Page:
Facing bipartisan opposition, President Donald Trump has abandoned his plan to cut some $4 billion in foreign aid that lawmakers had already approved.

A senior administration official and a Democratic congressional aide confirmed the decision Thursday, Aug. 22. Both spoke on condition of anonymity to discuss internal deliberations, according to AP.

“The president has been clear that there is fat in our foreign assistance and we need to be wise about where U.S. money is going,” said a senior administration official. “Which is why he asked the administration to look into options to doing just that. It’s clear that there are those on the Hill who aren’t willing to join in curbing wasteful spending,” according to Politico. 

House Budget Chairman John Yarmuth (D-Ky.) said in a tweet on Thursday that the president’s retreat from the rescission was “a win.”

“This is a win. We pressured the White House to call off these proposed cuts. The Constitution grants Congress the power of the purse, and we will not cede that authority to this administration and their constant executive overreach.”

Last week, House Speaker Nancy Pelosi (D.-Calif.) said in a statement that the proposed cuts would have been “harmful to our national security” and violated the good-faith negotiations that brought about the bipartisan budget deal.

“It is important for us all to recognize first and foremost our national security interests and Congress’s Constitutional power of the purse as was acknowledged in a bipartisan way in the rescission discussion, as we move forward in the upcoming budget negotiations,” she said.

Before deciding to kill the plan, President Trump told reporters earlier this week that he had talked with both parties regarding foreign aid and indicated a smaller cut than the previous proposed plan after he talked with Treasury Secretary Steven Mnuchin and Secretary of State Mike Pompeo.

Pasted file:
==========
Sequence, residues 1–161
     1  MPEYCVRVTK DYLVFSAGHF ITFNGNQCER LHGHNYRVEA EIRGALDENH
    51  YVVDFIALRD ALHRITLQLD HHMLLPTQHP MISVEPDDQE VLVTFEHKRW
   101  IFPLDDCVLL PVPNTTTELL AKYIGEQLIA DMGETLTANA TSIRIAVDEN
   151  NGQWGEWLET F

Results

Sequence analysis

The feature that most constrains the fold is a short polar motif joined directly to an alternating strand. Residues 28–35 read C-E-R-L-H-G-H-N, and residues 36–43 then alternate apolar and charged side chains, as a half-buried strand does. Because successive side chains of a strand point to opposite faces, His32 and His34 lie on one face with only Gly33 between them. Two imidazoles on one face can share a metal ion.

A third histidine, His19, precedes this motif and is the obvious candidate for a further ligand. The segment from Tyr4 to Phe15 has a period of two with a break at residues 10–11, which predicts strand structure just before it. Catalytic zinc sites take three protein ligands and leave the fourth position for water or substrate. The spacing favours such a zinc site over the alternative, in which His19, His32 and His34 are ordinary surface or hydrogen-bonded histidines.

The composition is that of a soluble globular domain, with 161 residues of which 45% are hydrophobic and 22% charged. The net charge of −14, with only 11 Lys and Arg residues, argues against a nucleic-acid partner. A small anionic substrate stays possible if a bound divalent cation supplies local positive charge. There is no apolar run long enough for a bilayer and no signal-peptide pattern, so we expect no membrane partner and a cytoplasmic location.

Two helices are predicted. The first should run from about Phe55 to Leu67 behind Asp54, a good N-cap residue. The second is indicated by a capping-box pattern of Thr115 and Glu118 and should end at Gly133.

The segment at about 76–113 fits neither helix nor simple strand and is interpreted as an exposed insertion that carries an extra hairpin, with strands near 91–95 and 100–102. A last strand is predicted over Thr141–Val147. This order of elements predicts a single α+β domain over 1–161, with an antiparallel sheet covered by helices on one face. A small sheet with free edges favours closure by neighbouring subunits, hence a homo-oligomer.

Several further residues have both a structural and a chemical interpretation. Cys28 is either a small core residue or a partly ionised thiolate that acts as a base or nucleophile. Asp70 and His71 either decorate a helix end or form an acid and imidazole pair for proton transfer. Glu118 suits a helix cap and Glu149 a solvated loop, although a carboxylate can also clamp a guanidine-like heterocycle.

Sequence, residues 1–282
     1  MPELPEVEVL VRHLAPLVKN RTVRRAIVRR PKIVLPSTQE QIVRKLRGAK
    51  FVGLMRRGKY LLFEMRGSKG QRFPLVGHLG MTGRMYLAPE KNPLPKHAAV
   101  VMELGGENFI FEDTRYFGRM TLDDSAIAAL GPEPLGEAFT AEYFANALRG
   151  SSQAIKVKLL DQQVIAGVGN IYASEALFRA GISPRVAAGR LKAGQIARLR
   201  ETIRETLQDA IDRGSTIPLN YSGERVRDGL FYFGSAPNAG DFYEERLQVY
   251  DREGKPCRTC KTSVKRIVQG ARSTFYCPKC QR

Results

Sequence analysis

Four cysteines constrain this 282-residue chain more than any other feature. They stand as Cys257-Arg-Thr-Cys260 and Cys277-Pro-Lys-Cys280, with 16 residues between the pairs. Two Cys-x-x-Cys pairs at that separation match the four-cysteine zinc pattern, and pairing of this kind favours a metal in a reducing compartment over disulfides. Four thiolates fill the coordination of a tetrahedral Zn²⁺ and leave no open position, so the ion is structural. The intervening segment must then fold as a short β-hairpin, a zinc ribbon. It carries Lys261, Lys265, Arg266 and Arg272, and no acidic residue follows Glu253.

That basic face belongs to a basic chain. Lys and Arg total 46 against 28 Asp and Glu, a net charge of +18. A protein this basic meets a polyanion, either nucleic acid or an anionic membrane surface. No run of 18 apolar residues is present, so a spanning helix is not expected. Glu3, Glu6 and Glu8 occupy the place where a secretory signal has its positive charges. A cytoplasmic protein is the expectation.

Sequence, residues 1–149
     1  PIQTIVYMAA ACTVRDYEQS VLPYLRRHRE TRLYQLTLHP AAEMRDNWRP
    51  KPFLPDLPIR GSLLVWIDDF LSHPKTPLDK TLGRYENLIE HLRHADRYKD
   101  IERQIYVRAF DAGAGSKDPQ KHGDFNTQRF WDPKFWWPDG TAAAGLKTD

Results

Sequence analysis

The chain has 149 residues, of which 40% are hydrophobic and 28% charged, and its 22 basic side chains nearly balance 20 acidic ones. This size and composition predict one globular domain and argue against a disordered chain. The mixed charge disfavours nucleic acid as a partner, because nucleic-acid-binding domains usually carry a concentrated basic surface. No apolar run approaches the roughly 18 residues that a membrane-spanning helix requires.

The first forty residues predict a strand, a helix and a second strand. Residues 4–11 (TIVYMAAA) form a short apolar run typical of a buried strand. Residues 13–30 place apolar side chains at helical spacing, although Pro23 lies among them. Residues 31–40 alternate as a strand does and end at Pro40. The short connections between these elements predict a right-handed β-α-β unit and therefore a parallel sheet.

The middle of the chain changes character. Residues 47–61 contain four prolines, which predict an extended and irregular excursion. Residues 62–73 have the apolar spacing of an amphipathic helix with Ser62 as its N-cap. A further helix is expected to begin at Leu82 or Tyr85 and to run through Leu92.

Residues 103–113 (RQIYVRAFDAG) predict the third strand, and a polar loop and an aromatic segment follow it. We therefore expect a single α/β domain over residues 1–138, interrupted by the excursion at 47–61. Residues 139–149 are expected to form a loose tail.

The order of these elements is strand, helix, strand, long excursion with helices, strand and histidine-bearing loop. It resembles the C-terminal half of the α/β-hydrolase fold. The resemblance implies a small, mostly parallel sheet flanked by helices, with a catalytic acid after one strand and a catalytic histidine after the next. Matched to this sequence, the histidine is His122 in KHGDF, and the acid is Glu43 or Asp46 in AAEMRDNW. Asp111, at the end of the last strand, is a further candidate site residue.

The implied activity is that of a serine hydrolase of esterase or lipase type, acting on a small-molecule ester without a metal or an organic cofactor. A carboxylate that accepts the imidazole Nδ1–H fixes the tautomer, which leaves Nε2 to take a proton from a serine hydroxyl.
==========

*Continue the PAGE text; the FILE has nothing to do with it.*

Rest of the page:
“We’re talking to Republicans and Democrats about it and certain things we could save,” the president said.

Certain things it probably could be, you know, a pennywise. Maybe it’s a pennywise,” he said. “We’ll see. But we are looking at it.”

“Leaders at the Office of Management and Budget hatched the initial plan this month to force the expiration of $2.3 billion for USAID and $2 billion for the State Department, including $787 million for U.N. international peacekeeping activities, $522 million in core funding for the U.N. and $364 million for a range of U.N. humanitarian and human rights programs,” Politico reported. 

The U.S. Global Leadership Coalition, a Washington-based nonprofit that advocates for a strong international affairs budget, cheered the decision.

“Americans can be pleased that the administration recognized the importance of these vital foreign assistance programs for keeping America safe and on the global playing field,” said Liz Schrayer, the group’s president and chief executive officer.

Includes reporting from The Associate Press 

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